Your Laundry Detergent Pods May Be Cute, But They Are Also DangerousJune 30th, 2015 By Todd Ommen
For several years, various manufacturers of laundry detergent and dishwashing detergent have begun making their products in “pod” form. These pods, which have been available only since 2010, are small, all-in-one detergent packets for washing machines and dishwashers. The pods are small, plastic-coated balls. The laundry pods are often made of detergent, bleach and/or fabric softener sealed in clear plastic wrap. The dishwasher version will generally contain dishwasher soap and quick dry agents. They are designed to be inserted whole into washing machines or dishwashers in lieu of separate liquids or powders, as is typically done. They are generally a little smaller than a golf ball, and, apparently for marketing reasons, they are brightly colored.
Risks for Children – Poisonous Laundry Pods
To some, especially small children, laundry detergent pods look like candy or teething toys, and looking at the photographs it is easy to see why:
A question that may come to mind for parents (and lawyers) reading this post is “won’t young children want to try eating them?” The unfortunate answer to that question is “yes.”
While not much literature is available regarding the dishwasher detergent pods, an article was recently published in Pediatrics, the Journal of the American Academy of Pediatrics, compiling data regarding poisoning from laundry detergent pods. (Abstract and link to full article available here: http://pediatrics.aappublications.org/content/early/2014/11/05/peds.2014-0057). The study compiled data from the National Poison Data System, finding that roughly 17,000 children over the past year alone have been poisoned by eating these laundry pods. The majority are small children, with 73% under the age of 3. The injuries caused by ingestion of the detergent pods varied, but a substantial number were significant:
- 4% (approximately 700) of the children were hospitalized
- 102 required tracheal intubation
- 1 confirmed death
The Pediatrics article is not the first press that these risks have received. Indeed, this issue has been repeatedly in the news since at least 2012. That said, this not a commonly reported or known hazard, and, more importantly, the packaging has not yet been changed.
Laundry Pod Lawsuits Possible
Although there are news reports of some recent lawsuits being filed, as of the writing of this post, there appear to be no reported legal decisions regarding liability for injury caused by ingestion of these laundry detergent pods. It would seem that, in the first instance, liability could generally be founded on products liability law or negligence. The manufacturers designed a product that is poisonous, yet very attractive to children. There would appear to be no reason that these products could not be dull gray or black or have an additive that makes them taste bad. To the extent foreseeability is part of the claim – either in a negligence analysis or a products liability claim – even if a reasonable manufacturer in 2010 could not have foreseen that children would eat the pods (a difficult argument in and of itself), there have now been thousands of reported cases, yet the packaging remains the same.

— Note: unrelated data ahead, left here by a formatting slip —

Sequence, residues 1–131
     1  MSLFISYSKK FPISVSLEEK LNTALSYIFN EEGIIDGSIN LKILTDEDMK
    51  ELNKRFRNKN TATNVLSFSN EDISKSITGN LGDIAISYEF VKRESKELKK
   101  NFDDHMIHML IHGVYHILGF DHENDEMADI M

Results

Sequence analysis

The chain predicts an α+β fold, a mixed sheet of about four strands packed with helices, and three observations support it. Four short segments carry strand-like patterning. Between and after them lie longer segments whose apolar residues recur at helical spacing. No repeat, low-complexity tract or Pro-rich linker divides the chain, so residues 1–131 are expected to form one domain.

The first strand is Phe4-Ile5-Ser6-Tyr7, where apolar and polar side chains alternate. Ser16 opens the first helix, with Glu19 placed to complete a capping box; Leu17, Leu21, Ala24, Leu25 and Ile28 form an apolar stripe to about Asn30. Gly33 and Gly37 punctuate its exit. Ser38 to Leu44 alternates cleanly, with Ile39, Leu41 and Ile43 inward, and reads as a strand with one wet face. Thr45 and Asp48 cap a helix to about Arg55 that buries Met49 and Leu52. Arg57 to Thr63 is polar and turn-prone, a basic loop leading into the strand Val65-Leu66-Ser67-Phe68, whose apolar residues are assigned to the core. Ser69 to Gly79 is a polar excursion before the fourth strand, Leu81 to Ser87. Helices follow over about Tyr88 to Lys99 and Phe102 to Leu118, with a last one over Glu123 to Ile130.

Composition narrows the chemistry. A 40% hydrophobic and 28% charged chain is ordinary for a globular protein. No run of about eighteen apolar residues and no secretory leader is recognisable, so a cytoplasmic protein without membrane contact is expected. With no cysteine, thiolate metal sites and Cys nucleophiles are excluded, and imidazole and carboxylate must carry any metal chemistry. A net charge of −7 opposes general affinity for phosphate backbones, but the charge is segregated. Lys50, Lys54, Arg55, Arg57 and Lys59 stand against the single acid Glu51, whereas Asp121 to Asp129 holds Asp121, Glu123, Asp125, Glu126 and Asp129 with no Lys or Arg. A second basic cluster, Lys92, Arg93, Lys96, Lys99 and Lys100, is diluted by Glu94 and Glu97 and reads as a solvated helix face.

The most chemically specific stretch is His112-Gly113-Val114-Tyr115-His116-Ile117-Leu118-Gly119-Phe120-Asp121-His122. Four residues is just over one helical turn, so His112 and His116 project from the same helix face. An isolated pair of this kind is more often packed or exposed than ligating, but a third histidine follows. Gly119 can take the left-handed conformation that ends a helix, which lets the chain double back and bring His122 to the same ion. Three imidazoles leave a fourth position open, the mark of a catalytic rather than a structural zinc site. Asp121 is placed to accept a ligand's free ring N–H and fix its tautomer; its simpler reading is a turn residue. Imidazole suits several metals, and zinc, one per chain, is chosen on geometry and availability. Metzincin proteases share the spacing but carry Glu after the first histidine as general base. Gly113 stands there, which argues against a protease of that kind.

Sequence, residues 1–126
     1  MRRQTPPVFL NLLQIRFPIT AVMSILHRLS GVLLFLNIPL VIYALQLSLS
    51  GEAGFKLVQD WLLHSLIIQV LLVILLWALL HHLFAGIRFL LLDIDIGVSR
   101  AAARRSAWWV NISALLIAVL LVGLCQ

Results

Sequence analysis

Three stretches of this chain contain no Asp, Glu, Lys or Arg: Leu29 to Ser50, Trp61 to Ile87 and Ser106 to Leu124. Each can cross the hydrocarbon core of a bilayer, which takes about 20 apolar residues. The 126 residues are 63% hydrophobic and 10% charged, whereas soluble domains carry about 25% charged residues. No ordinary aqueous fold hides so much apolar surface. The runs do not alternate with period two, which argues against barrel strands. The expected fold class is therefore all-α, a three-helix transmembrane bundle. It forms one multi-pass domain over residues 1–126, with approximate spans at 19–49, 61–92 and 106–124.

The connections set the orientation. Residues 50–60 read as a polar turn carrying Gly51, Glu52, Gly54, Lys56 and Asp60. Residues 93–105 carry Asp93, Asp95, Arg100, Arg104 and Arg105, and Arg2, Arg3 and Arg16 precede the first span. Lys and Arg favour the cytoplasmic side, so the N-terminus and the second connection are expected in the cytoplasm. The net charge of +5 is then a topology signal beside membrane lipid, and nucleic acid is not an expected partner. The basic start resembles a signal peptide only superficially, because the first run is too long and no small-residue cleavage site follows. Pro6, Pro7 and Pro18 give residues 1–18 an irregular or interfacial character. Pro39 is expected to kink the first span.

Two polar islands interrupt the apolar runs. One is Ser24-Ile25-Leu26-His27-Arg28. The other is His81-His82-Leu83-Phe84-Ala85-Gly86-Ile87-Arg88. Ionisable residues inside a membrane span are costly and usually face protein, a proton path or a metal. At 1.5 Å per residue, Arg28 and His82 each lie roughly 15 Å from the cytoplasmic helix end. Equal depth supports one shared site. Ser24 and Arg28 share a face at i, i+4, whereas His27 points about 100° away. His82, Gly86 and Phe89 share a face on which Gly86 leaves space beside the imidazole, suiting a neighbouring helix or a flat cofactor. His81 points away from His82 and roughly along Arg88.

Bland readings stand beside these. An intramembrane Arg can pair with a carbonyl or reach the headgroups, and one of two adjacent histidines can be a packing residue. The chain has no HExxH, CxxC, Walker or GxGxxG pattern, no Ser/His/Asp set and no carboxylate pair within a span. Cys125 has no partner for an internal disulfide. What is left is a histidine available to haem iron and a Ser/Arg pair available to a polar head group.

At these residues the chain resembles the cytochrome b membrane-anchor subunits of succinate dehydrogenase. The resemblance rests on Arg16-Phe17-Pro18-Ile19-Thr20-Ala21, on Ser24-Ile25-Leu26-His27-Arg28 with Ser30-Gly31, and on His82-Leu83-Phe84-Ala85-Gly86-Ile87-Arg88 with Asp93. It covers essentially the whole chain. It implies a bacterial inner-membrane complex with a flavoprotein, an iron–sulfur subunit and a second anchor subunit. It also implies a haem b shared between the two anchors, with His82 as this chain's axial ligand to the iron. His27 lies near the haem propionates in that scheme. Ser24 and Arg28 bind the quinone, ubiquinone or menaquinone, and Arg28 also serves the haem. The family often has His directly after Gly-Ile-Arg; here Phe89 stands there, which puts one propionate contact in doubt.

That said, any such claim would face significant challenges. In particular, any “failure to warn” claim would face preemption questions under the Federal Hazardous Substances Act (FHSA). The FHSA preempts some failure to warn claims where the packaging contains FHSA-approved warnings as to toxicity to children. Milanese v. Rust-Oleum Corp., 244 F.3d 104, 109 (2d Cir. 2001) (holding that the FHSA expressly preempts “any state cause of action that seeks to impose a labeling requirement different from the requirements found in the FHSA”). The FHSA generally defines a toxic substance as one that “which has the capacity to produce personal injury or illness to man through ingestion, inhalation, or absorption through any body surface.” 15 U.S.C. § 1261(g). Given that any claims based on injury from laundry detergent pods would necessarily be based on injuries caused by ingestion, the FHSA may define these pods as constituting or containing “hazardous substances.” A walk down a supermarket aisle reveals that the packaging on these products generally includes warnings to keep away from children and that the products can be toxic if ingested. As such, a laundry pod manufacturer would certainly contend that any claims related to the labelling (i.e., failure to warn claims) placed on the pods are preempted by the FHSA.
Even so, these preemption issues have not been litigated, at least not in any reported cases seen to date. Similarly, questions regarding defective design, negligence or other causes of action that may not be preempted also have not been tested in reported opinions. In view of this lack of legal precedent, one must look to the most important question: why do manufactures continue to make these products brightly colored and so visually appealing to young children? The obvious answer is that it is useful for marketing purposes, but if it serves no functional purpose, it would seem that the obvious risk to children should be preeminent. Further, if all manufacturers moved to dull colored packaging, there would be no marketing loss for any of them.
In the absence of regulatory change or successful lawsuits, however, this result is unlikely. Thus, the old adage “you never know unless you try” fits nicely here. Change will not come without effort, and given the optics of the colorful and enticing packaging, apparent purely profit-driven motives, and proven risks to young children, pressing the courts, regulatory agencies or legislators to confront whether this market-based packaging is worth the risk to young children would seem to be well worth the effort.